In March 1860, Abraham Lincoln, on a campaign swing through the state, stopped in Brown & Gross, where he and Gideon Welles of Glastonbury -- the future secretary of the Navy -- talked politics.

Brown & Gross lasted 33 years and attracted such famous customers as Mark Twain, who spent nights in a back room in the bookstore telling ribald stories, and Harriet Beecher Stowe, who sat in a chair and had books brought out for her perusal. In 1891, when Gross died, the store's name changed to Belknap and Warfield's, for Leverett Belknap and George F. Warfield, who had joined Brown and Gross as partners. From 1910 to 1929 the store was called G.F. Warfield & Co.

Israel Witkower, who became a partner in 1920, assumed ownership when Garfield retired in 1929, and the store was called Witkower's for more than three decades.

In 1960, Witkower's was acquired by Trumbull Huntington, a Middletown publishing executive. Huntington also bought Witkower's West Hartford branch (long since closed) and renamed it Huntington's as well, which is why the telephone book lists Huntington's as Huntington's Book Stores. In 1965 Huntington's moved to 110 Asylum St., and eight years later it moved to its present location at 65 Asylum.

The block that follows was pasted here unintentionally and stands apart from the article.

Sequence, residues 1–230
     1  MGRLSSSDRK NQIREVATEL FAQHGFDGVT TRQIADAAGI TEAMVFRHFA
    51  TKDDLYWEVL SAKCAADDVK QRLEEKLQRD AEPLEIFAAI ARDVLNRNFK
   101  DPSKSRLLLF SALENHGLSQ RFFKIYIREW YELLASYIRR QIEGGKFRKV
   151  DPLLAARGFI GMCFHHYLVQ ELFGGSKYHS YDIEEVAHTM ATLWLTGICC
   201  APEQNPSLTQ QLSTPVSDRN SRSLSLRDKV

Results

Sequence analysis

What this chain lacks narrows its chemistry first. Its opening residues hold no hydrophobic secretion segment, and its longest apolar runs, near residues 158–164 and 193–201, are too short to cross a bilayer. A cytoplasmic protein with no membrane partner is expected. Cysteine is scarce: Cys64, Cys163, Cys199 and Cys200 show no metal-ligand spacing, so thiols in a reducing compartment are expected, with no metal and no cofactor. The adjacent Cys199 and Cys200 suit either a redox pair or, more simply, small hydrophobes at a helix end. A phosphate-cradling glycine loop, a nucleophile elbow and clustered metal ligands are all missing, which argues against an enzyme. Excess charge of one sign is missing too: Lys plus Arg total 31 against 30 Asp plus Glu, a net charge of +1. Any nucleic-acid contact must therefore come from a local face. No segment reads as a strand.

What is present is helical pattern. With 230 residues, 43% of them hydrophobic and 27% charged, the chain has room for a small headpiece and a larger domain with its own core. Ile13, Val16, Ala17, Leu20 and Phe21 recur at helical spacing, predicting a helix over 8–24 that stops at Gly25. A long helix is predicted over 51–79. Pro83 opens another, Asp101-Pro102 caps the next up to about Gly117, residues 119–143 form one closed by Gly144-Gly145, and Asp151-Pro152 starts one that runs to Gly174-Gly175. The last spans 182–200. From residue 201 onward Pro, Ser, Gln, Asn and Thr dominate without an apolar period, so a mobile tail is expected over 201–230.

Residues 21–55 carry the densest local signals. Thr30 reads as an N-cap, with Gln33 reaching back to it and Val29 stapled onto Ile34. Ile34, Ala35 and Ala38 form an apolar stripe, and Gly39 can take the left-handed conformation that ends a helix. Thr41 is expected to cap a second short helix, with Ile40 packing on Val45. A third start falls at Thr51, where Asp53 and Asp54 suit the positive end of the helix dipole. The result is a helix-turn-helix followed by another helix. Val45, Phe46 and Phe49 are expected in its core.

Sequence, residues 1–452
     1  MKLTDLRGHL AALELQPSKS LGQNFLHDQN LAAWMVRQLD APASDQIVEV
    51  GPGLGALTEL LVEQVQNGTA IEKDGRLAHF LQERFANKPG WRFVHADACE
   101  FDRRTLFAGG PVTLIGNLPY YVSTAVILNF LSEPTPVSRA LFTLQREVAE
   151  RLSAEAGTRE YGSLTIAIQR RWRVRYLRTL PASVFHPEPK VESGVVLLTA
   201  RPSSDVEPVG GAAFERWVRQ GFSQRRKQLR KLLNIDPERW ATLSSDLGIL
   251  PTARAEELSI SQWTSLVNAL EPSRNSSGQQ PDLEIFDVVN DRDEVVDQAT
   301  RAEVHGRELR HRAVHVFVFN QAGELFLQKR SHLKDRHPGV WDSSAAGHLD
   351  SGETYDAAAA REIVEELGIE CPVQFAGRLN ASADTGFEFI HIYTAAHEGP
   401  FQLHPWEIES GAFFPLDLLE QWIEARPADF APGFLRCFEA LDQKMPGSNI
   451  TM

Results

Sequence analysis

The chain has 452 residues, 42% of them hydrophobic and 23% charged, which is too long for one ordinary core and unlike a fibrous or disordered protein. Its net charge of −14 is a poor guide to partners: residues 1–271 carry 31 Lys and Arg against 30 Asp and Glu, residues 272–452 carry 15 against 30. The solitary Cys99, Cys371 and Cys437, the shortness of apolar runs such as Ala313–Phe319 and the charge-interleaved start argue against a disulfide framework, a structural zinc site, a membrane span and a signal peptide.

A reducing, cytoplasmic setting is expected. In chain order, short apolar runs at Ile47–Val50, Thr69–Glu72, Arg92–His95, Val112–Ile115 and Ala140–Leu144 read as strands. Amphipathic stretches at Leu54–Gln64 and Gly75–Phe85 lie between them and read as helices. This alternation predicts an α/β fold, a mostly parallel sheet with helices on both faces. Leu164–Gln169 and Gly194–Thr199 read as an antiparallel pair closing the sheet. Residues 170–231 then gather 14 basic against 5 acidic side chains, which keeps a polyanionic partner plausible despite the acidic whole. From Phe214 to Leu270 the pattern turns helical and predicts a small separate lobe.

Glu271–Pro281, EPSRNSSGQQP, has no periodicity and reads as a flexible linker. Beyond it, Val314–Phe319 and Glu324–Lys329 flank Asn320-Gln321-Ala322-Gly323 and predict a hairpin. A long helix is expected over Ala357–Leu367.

Isaac Epstein worked for Huntington and bought the downtown business in 1979. After Isaac Epstein died in 1988, his son David took over.
A year after this article was written, the succession of book stores ended for good as Huntington's closed its doors in 1993, a victim of the economy and the big chain booksellers that had moved in nearby.

Next up is an announcement card from a long-defunct Houston book store called Books, Inc. The 1959 card announces an upcoming annual pre-inventory sale.

I have little else on the history of the shop, other than it resided on Westheimer at Kirby (for anyone familiar with Houston). I never went in there, that I can remember. Sam Williamson, whose book held the Valentines and notes mentioned earlier, may have bought some of his books there. He was a local attorney and well-read by all appearances. A chunk of his library comprised a large load of books I bought in 2003, but I don't recall coming across any Books, Inc. shop labels affixed to any of Williamson's books. The store was still viable as a book store in 1982, according to an advertisement I found from that year, but nothing resembling a book store exists in that location today.

The last item I found yesterday, stashed between the leaves of a book, is this photo postcard of author Robertson Davies.

The back of the card promotes the Canadian writer as the author of Murther & Walking Spirits and of The Cornish Trilogy. Speaking of which, Davies authored a trilogy of trilogies: The Deptford Trilogy, the aforementioned Cornish Trilogy, and The Salterton Trilogy.

That's it for the flyaways. Most things I find are not related to bookish matters or historically significant, and they have little or no interest to me. Those flyaways become filed away, as in the trash can.